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Turk Pediatri Ars. 2019 Dec 25;54(4):238-245. doi: 10.14744/TurkPediatriArs.2019.93206. eCollection 2019.

Is hepcidin related with anemia and bone mineral metabolism in children with non-dialysis chronic kidney disease?

Author information

1
Department of Pediatrics, Marmara University Faculty of Medicine, İstanbul, Turkey.
2
Division of Pediatric Nephrology, Departmant of Pediatrics, Marmara University Faculty of Medicine, İstanbul, Turkey.
3
Department of Biochemistry, Marmara University Faculty of Medicine, İstanbul, Turkey.

Abstract

in English, Turkish

Aim:

Functional iron deficiency seco ndary to inflammation and increased serum hepcidin lead to erythropoietin-resistant anemia in children with chronic kidney disease. Vitamin D deficiency, parathyroid hormone, and phosphate can also participate in chronic inflammation and anemia. The aim of this study was to evaluate the association between hepcidin, bone mineral metabolism, and anemia in non-dialysis pediatric patients with chronic kidney disease.

Material and Methods:

Thirty-five patients with stage 2-4 chronic kidney disease and 35 healthy subjects were enrolled in the study. Serum creatinine, blood urea nitrogen, uric acid, C-reactive protein, interleukin-6, hepcidin, complete blood count, ferritin, calcium, phosphorus, parathyroid hormone, 25-hydroxyvitamin D, 1,25-dihydroxyvitamin D, and fibroblast growth factor-23 levels were compared between the groups.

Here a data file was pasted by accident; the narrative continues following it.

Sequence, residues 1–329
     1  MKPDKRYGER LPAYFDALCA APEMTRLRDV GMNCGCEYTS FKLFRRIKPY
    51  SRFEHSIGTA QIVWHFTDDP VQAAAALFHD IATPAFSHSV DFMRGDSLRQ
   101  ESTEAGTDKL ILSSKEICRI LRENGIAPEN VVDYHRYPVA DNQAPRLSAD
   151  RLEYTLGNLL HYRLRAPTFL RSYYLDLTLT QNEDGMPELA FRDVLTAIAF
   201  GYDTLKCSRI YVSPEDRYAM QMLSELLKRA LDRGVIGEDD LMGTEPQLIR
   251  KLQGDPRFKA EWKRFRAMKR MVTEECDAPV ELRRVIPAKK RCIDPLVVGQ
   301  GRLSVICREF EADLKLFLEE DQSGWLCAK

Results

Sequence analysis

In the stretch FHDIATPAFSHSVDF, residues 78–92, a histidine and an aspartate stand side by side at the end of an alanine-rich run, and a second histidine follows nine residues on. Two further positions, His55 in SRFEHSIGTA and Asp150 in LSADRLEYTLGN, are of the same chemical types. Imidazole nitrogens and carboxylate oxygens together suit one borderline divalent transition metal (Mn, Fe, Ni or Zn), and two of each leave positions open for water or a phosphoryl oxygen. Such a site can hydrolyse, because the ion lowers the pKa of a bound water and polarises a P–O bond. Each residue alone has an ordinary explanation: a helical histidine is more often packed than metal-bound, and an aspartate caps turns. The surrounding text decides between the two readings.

Results:

Ferritin, C-reactive protein, interleukin-6, blood urea nitrogen, creatinine, uric acid levels, and percentages of reticulocytes were significantly higher than in the controls (p<0.05). The mean serum hepcidin levels in the chronic kidney disease and control groups were 9.6±5.2 (range, 2.15-25.3) and 9.7±4.3 (range, 3.4-22.2) ng/mL and were not significantly different in either group. There were no differences in terms of serum phosphorus, 25-hydroxyvitamin D, 1,25-dihydroxyvitamin D and fibroblast growth factor-23 levels between the groups (p>0.05). Serum hepcidin levels were not correlated with anemia parameters, serum fibroblast growth factor-23, phosphorus, uric acid, C-reactive protein, parathyroid hormone, and 25-hydroxyvitamin D levels (p>0.05). However, serum hepcidin levels were correlated with 1,25-dihydroxyvitamin D and interleukin-6 levels (p=0.013 and p=0.002, respectively).

Conclusion:

Serum hepcidin levels may not increase significantly in non-dialysis pediatric patients with chronic kidney disease despite high levels of inflammatory markers such as C-reactive protein and interleukin-6. The increase of serum hepcidin levels may be inhibited by effective treatment of anemia with iron supplementation and erythropoietin, and the treatment of secondary hyperparathyroidism with phosphate binders and the active form of vitamin D, which decrease serum parathyroid hormone and fibroblast growth factor-23 levels, and control inflammation to some extent.

KEYWORDS:

Anemia; children; chronic kidney disease; hepcidin; vitamin D

Conflict of interest statement

Conflict of Interest: The authors have no conflicts of interest to declare.

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